PR consultant Ainslie Cheung’s favourite Hong Kong restaurants
Qi Communications managing partner’s first food choice is hearty Hakka, and he enjoys plenty of options off the beaten track
I’m not a picky eater. As a PR consultant focusing on travel and hospitality, I eat a lot on the run. I also grew up as a first-generation immigrant in the UK so every penny and morsel counted. Dim sum Sundays in Manchester in the 1970s was like a cross between a Wong Kar-wai and Guy Ritchie movie – all cigarette smoke, boisterous families and stacks of steam and mahjong tiles.
Hearty and rustic Hakka holds a place close to my heart but Italian is a close second. It mirrors my
Chinese sensibilities with good portions, full-on flavours and a sense of family. I find it hard to get great Italian in Hong Kong, though there are many good Italian chefs. Pino Lavarra at Tosca (102/F The Ritz-Carlton, ICC, 1 Austin Road West, Tsim Sha Tsui, tel: 2263 2270) is someone I admire for his depth of creativity and philosophy.
Places I haunt regularly tend to be local and off the beaten track. I love a little place called Victory Kitchen (6 Victory Avenue, Ho Man Tin, tel: 2760 0033). They serve the best Thai-style Hainanese chicken rice in Hong Kong. Not too greasy and superbly chicken-y.
For overseas visitors, I also go as local as I can. I often take them to DimDimSum (28 Man Wui Street, Jordan, tel: 2771 7766), with great turnip cakes. Then for that nostalgic Wong Kar-wai-theme experience, Mido Cafe (63 Temple Street, Yau Ma Tei, tel: 2384 6402) serves good classic local fare. The French toast in all its greasy goodness and the classic ham and egg sandwich washed down with milk tea – the perfect finish to a day on Temple Street.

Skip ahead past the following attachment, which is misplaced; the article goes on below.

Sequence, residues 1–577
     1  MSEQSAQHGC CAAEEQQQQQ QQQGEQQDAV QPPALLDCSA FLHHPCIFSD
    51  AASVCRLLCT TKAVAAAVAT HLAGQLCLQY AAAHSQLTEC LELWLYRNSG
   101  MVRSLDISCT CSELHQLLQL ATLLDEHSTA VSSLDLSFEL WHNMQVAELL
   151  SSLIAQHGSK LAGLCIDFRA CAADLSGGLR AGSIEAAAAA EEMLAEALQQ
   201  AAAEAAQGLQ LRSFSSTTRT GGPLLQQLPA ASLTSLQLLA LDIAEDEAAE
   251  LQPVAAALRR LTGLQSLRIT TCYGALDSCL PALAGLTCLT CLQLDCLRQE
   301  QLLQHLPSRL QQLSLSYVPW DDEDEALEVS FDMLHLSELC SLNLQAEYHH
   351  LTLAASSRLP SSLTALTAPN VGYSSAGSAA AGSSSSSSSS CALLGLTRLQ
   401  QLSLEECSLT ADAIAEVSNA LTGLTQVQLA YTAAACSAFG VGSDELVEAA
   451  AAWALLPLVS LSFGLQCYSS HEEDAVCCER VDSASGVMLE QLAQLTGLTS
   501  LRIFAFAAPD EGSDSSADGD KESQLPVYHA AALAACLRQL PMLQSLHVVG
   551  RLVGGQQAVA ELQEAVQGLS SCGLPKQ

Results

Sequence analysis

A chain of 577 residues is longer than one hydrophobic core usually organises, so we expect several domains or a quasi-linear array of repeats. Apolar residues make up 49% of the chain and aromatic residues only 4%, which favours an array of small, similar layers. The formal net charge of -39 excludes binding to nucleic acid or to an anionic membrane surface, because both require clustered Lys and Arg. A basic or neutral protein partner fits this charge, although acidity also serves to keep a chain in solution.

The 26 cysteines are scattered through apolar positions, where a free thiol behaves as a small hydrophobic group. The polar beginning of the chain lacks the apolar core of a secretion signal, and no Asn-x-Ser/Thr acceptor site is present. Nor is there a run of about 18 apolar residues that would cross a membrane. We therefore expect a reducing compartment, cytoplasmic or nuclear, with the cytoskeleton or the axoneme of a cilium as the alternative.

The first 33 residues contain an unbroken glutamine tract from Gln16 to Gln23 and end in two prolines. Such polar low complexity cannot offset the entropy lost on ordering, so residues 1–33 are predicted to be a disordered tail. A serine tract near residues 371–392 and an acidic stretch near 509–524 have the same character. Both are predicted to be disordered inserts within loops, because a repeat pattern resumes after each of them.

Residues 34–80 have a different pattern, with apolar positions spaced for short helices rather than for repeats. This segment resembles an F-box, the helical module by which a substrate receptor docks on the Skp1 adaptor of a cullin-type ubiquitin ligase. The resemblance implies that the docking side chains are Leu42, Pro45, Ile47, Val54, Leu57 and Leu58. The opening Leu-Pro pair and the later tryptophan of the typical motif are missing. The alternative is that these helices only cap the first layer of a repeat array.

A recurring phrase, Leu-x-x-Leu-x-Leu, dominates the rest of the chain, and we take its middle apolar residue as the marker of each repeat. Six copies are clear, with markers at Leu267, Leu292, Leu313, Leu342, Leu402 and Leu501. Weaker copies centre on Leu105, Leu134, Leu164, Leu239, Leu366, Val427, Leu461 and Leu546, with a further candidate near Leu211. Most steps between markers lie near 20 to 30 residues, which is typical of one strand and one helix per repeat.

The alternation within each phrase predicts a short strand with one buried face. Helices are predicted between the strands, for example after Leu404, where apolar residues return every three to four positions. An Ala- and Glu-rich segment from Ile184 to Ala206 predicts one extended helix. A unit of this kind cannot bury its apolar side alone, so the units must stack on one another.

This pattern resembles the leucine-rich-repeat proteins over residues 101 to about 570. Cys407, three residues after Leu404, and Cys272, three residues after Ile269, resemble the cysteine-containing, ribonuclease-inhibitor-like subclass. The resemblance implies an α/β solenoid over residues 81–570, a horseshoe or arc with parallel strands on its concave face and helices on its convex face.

Recently, I took a Singaporean guest to Lobster Bobo (1 Jubilee Street, Central, tel: 3622 1246) run by chef Eddy Leung of G7, for his lobster laksa. The depth of flavour in his broth is amazing, with generous servings of lobster for around HK$100; great value. Around the corner is Pho Bar (24 Li Yuen Street West, Central, tel: 2109 2028), one of a new generation of Vietnamese noodle joints. This one stands out with its incredibly scented broth and ridiculously good fried chicken.
For something quick, Mak’s Noodles (77 Wellington Street, Central, tel: 2854 3810) does the trick, with its juicy meaty wontons in a clear broth with perfectly textured noodles.
Personally, I detest the current trend to small bites and burgers at obscene prices. If I want to pay those prices, I go to Main St Deli (Lower lobby, The Langham, 8 Peking Road, Tsim Sha Tsui, tel: 2132 7898) for great burgers and a slab of cheesecake.
Occasionally, I get a hankering for Boston Restauran t (3 Luard Road, Wan Chai, tel: 2527 7646) and its old-school sizzling plates. After a heavy night out, it’s Beyrouth Bistro (39 Lyndhurst Terrace, Central, tel: 2480 5338) for an amazingly good lamb kebab.
For special occasions, there are a few stalwarts I turn to time and again. You can’t go wrong with Pierre (25/F Mandarin Oriental Hong Kong, 5 Connaught Road Central, tel: 2825 4001) for impeccable service and quality food with great atmosphere and a killer harbour view – it’s a heady combination that elevates any occasion.